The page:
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Ramadan: 1/30th of Quran a day, more or less

September 5th · 1 Comment · Quran, Ramadan

Well, it seemed like a great idea: to blog a daily entry here from my reading of 1/30 of the Quran each day during the Muslim fasting month of Ramadan.

Then an extraordinarily unusual amount of my time was demanded to properly fulfill a professional obligation: covering, for, the first trials in the  Dunbar Village tragedy.

Perhaps that development also provides “a teachable moment.”

As in: “What do sincere Muslims do when they fall behind in their daily reading of 1/30th of the Quran?”

Not claiming to speak for anyone other than this Muslim: First, it should be noted that the reading is not a requirement.

But even non-Muslim friends have remarked on the inestimable benefit of reading the entire Quran, within 30 days, while fasting the month along with the soon-to-be 2 billion other Muslims here and around the world.

One option, of course, it to assume the task too daunting and drop it. That’s not recommended here.

The best option is simply to catch up. The reading of each 30th — or juz — takes less than an hour depending upon the amount of time spent reflecting on it.

But what if one still is unable to complete the reading within the 30 days of Ramadan, which this year will end around September 18?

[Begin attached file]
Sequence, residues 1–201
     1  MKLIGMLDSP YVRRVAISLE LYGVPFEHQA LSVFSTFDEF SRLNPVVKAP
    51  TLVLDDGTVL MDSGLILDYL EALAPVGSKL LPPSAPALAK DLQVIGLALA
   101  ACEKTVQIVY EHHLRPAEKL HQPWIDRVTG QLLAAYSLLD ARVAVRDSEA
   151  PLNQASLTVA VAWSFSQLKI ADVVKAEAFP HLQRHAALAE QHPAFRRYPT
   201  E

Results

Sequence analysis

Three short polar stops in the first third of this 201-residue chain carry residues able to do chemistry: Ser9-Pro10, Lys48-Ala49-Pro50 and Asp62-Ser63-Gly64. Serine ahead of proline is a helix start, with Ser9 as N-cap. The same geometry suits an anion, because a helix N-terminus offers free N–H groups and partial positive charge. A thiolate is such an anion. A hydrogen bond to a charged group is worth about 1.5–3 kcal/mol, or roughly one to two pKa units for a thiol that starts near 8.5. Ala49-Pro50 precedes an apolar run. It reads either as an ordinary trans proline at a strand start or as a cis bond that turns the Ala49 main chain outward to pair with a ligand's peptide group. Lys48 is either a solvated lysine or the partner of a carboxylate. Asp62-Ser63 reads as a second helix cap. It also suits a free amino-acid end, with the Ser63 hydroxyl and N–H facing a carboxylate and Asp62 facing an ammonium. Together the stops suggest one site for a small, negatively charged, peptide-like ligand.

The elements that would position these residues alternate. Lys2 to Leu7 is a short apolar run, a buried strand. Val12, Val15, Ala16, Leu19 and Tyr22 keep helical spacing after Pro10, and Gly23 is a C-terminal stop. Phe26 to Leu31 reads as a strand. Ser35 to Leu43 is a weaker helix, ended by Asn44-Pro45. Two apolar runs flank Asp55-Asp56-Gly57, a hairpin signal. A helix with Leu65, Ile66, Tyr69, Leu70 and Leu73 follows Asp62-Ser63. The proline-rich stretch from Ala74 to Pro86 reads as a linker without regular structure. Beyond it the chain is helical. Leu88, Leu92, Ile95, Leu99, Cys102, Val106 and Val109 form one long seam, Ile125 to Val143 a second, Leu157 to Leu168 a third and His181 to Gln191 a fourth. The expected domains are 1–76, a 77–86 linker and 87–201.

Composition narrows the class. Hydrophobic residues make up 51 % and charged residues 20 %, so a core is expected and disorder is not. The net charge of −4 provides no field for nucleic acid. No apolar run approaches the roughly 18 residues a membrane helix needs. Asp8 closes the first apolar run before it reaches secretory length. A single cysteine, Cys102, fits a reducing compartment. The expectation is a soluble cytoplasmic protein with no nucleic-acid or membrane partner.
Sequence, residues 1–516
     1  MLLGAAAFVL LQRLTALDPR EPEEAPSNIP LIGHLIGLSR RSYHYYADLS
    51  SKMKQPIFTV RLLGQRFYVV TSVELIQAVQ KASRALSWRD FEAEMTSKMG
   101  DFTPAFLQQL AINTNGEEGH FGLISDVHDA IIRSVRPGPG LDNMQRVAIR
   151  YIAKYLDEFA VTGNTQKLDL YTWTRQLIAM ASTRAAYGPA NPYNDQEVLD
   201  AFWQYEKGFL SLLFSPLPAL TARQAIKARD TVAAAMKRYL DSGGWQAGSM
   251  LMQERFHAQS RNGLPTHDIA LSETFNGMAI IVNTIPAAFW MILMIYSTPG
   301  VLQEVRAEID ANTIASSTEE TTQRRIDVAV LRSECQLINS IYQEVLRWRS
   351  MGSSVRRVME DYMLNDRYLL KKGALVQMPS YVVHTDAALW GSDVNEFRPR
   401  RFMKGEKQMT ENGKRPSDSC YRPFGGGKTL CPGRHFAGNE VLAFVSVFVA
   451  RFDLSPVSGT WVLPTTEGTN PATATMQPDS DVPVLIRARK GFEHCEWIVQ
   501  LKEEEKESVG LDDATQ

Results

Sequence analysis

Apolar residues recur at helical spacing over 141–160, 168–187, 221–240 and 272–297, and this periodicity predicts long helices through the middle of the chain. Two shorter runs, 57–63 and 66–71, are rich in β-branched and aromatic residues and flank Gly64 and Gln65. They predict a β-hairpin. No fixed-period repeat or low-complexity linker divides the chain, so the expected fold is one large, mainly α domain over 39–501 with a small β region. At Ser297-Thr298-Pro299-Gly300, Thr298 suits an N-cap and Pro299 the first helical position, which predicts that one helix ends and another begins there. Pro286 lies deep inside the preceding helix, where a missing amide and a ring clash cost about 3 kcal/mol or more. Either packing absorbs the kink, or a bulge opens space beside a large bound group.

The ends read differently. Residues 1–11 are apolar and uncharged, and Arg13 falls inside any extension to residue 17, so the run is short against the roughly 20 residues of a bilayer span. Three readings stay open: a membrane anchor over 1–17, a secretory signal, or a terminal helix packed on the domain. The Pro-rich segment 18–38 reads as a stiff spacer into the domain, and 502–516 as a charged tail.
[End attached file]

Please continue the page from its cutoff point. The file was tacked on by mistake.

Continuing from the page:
Again, one could say: Try again next year, G-d willing.

Much better, however, is to finish the reading over subsequent days after the end of the month of Ramadan.

In fact, the latter approach is one I have taken in years past when unable to focus on my reading amid the crunch of other activity.

It also is consistent with another practice among many Muslims: Upon finishing reading the Quran, begin reading it again.

There I can point to a longstanding personal practice: Rarely does the day dawn that I do not read at least a section (a few verses) of the Quran. The result over the years has been a trememdous familiarity with it.

This is not to suggest that Muslims not bother to read the entire Quran during the 30 days of Ramadan. We should push ourselves to obtain all of G-d’s blessings all the time.

What I am advocating is that while striving for those blessings we maintain a good balance, recognizing, as do many Muslims, and many other people of faith, that what G-d does not have for you, will not be for you, and what G-d has for you, will not pass you by.


One Comment so far ↓

  • Hussain Muhammad

    I enjoyed the convention this year. However, I thought that the CARES committee should have automated the registration process by storing the registrants names and payment status on computerized databases instead of printouts. The sound system was terrible.
    And most of all, no one spoke confidently of electing a leader.

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